100 thoughts on “Kiran Bedi: How I remade one of India’s toughest prisons

    You must be knowing what made Kiran Bedi most famous.
    That she is so brave that she Challaned even the car of Prime Minister, Indira Gandhi.
    In an interview with Ravish Kumar, Kiran Bedi has said that she was not the one who lifted Indira Gandhi's car. Indira Gandhi was not even in that car at that moment.
    This job was done by one of Delhi Police sub-inspector.
    And she also disclosed that on being asked whether the sub-inspector should be punished, she said, no, the man must be rewarded.
    And you know, the whole media exclaimed for decades that the great job, the courageous job had been done by great super cop Kiran Bedi and she never disclaimed it, never gave any credit to that sub-inspector, that is how the real man was rewarded by Kiran Bedi. that courageous sub-inspector was rewarded by Kiran Bedi.

  2.            On 5 August 1982, an Ambassador car (DHI 1817) belonging to Prime Minister Office was towed away by sub-inspector Nirmal Singh, as it was wrongly parked outside the Yusufzai Market at Connaught Place.
               In an interview with Ravish Kumar of NDTV Ms. Bedi accepted and asserted about the incident when ticket was given to Prime Minister’s car that "Sub inspector Nirmal Singh towed it away, and that time, I was asked will you take action against this officer. No, I said, I will give this person an award for showing courage."  How irony is this that she did not given credit to Nirmal Singh in her 2010 TED talk, it is how the real man was rewarded by Kiran Bedi.

    Her interview on NDTV

  3. Liar, Liar, Liar …..she dint towed PM's  car it was sub-inspector Nirmal Singh who did d honour ..such a shameless lady 🙁

  4. If you go for down throughout the comments, interesting is that you will see 75% of negative comments came after she joined politics. Some persons has talked about 'run away'. She has might have run away from debates (which is not true of course). But she never ran away from duties. While her opponent always ready for debate but has been running from duties since the day he stated his career.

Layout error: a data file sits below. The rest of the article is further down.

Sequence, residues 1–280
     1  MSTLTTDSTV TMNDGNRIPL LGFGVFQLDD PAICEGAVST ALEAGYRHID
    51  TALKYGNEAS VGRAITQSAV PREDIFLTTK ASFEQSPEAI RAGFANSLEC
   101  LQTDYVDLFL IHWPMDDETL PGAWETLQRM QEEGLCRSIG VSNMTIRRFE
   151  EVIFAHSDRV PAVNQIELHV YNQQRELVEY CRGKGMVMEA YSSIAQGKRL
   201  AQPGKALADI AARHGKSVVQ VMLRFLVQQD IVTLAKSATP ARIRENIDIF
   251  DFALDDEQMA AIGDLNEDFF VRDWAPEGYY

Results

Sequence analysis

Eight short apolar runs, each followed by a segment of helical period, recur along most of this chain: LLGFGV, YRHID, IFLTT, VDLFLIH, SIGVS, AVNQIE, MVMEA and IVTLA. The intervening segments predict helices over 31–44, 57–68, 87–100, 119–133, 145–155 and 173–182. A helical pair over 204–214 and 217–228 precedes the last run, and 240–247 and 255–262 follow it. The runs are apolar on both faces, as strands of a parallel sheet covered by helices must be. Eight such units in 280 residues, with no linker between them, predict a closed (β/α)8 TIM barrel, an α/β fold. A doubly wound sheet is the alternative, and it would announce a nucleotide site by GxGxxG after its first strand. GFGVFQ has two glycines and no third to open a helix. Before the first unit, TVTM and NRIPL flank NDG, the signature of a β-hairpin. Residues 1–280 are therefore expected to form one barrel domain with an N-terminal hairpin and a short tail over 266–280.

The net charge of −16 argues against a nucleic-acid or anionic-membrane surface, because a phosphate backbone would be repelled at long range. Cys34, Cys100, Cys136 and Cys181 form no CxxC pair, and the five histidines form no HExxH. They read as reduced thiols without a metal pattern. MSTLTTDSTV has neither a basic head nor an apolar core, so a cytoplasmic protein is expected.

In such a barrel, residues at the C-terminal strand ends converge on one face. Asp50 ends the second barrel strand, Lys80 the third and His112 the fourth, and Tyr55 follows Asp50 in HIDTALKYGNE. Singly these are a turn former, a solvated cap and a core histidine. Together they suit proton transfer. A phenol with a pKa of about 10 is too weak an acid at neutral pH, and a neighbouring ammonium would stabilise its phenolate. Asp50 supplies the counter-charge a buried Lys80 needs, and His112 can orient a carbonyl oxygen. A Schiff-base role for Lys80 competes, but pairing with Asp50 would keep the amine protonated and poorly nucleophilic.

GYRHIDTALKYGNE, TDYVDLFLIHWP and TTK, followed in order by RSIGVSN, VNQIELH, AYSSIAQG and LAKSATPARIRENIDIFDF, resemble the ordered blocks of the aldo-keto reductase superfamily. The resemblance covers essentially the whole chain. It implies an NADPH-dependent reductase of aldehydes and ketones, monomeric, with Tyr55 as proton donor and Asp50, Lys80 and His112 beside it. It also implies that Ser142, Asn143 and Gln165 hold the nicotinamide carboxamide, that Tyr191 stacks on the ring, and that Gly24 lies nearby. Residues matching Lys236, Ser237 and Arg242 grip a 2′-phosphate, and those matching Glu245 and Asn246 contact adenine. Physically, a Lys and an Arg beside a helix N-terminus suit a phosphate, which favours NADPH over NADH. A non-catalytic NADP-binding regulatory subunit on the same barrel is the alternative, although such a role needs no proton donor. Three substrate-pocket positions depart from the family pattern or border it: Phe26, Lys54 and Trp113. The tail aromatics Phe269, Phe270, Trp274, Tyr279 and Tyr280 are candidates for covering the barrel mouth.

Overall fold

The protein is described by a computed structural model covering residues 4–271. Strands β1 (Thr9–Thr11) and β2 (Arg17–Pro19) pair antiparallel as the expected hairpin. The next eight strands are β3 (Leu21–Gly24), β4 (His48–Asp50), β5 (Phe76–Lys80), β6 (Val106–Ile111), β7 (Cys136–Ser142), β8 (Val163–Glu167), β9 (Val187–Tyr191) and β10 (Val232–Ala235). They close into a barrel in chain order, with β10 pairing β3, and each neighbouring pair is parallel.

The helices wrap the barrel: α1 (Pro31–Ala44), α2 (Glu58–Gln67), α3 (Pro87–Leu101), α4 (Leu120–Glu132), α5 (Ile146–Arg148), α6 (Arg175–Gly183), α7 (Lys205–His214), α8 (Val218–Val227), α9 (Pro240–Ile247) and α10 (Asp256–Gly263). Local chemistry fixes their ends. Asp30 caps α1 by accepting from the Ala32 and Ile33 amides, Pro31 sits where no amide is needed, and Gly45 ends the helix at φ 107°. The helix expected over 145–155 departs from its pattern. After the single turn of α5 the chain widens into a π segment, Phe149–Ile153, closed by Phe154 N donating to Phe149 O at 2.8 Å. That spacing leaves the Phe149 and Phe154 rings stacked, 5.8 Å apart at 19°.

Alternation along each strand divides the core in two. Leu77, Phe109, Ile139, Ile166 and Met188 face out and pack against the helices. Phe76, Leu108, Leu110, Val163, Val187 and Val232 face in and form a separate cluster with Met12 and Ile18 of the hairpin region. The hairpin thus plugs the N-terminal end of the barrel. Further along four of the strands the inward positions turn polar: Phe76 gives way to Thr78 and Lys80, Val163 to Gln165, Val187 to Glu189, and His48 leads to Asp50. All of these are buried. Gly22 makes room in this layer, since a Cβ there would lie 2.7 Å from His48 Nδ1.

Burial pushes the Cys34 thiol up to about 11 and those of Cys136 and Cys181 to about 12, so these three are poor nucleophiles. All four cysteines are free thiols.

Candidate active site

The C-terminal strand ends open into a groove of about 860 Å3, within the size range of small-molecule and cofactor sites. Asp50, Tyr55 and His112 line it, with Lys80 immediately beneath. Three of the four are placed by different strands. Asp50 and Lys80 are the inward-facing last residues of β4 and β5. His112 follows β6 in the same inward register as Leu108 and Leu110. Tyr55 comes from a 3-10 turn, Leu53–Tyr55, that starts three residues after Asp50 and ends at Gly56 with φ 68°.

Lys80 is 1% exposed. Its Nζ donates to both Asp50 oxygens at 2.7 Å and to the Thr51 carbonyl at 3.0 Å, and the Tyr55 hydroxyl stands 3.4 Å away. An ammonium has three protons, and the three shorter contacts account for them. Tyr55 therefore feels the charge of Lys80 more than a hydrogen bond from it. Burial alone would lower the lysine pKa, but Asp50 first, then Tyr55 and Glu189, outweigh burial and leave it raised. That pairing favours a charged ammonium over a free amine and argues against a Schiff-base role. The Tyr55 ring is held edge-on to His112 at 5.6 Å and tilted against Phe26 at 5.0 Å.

About Mr.Ravish Kumar, he himself is a biased jorno. 99% of his political programs and articles are anti-BJP. So its natural when Kiran Bedi joined BJP Ravish Kumar is anti Kiran Bedi.

  5. OMG!! She even lied in TED talks about the PM car being towed….. First of all it was not PM's car, it was one of the tens of car in the PMO office… Second of all she didn't towed it. She accepted it a few days back in a interview with Ravish Kumar on NDTV

  6. She is hypocrite…and making people fool …she never fined PM car. A another cop who towed PM car and on that tie PM was out of country…haha…and she took all the credit….She is failed in every expect of life. By joining BJP party she in the list of corrupt politician. 

  7. what she has achieved as an IPS is exemplary. She is not a politician and she must had restrained her from the mud, but that's not gonna make me against her, she is the real inspiration. Jai Hind.

  8. Ma'am Very Rare are personalities like you!! Blessed are your parents to have a child like you!! Very Inspiring to millions of people round the globe!! Thanks for your talk.

  9. wow is the word for you mam .
    i feel bad for delhi (india) that they chose a foolish chief minister instead of such an amazing women .

  10. The saddest part is this that she discussed Vipassana in such a short as if it was not a part of improving prisoners. Very sad. I am quite sure, whatever good changes that had happened were because of Vipassana meditation course. No worries, truth will be revealed one day.

  11. lots of kejri bakhts spotted here shame on you can never be equal to her, and your "dog" is just a bullshit.

  12. Such an amazing person of inspiration….At times we forget to talk about matters that are important and end up talking about unwanted politics Which are not needed in life.

  13. There are too many people who are willing to discredit her achievements, and they are shallow minded. They are cynics who see negativity all around them. Kiran Bedi is an amazing super cop and a woman with a passion to improve quality of life and public governance. She has to be credited with her extraordinary results in prison reformation. Over the years, Indian jails have witnessed changes and become process oriented. Also, in her recent role as Lt Governor of Puducherry, she has brought about many changes in civic and municipal administration.

  14. Kiran Bedi’s past is so full of many U-turns, controversies, spats with seniors, courts, lawyers and outbursts against Narendra Modi that an entire issue of Charlie Hebdo could be dedicated to satirizing her career.

    Her opinion on Modi, before she inexplicably (or was it part of a political strategy?) changed her mind is well known, courtesy her tweets. Till a few months before Modi became the PM — a fact that must have inspired Bedi to rearrange her thoughts and realign her political philosophy — she was continuously attacking him for the Gujarat riots.

    In March, Bedi tweeted: "One day NaMo will need to respond with clarity about riots massacre. Despite Courts clearing him so far."

    And in April 2012, she has argued that Modi may have passed the SIT exam but was yet to clear the test of ‘prevailing perception of serious incidents’ under his watch.

    PTI image

    But, hey, now that the BJP desperately needs somebody to take on Arvind Kejriwal, all such past sins are forgiven.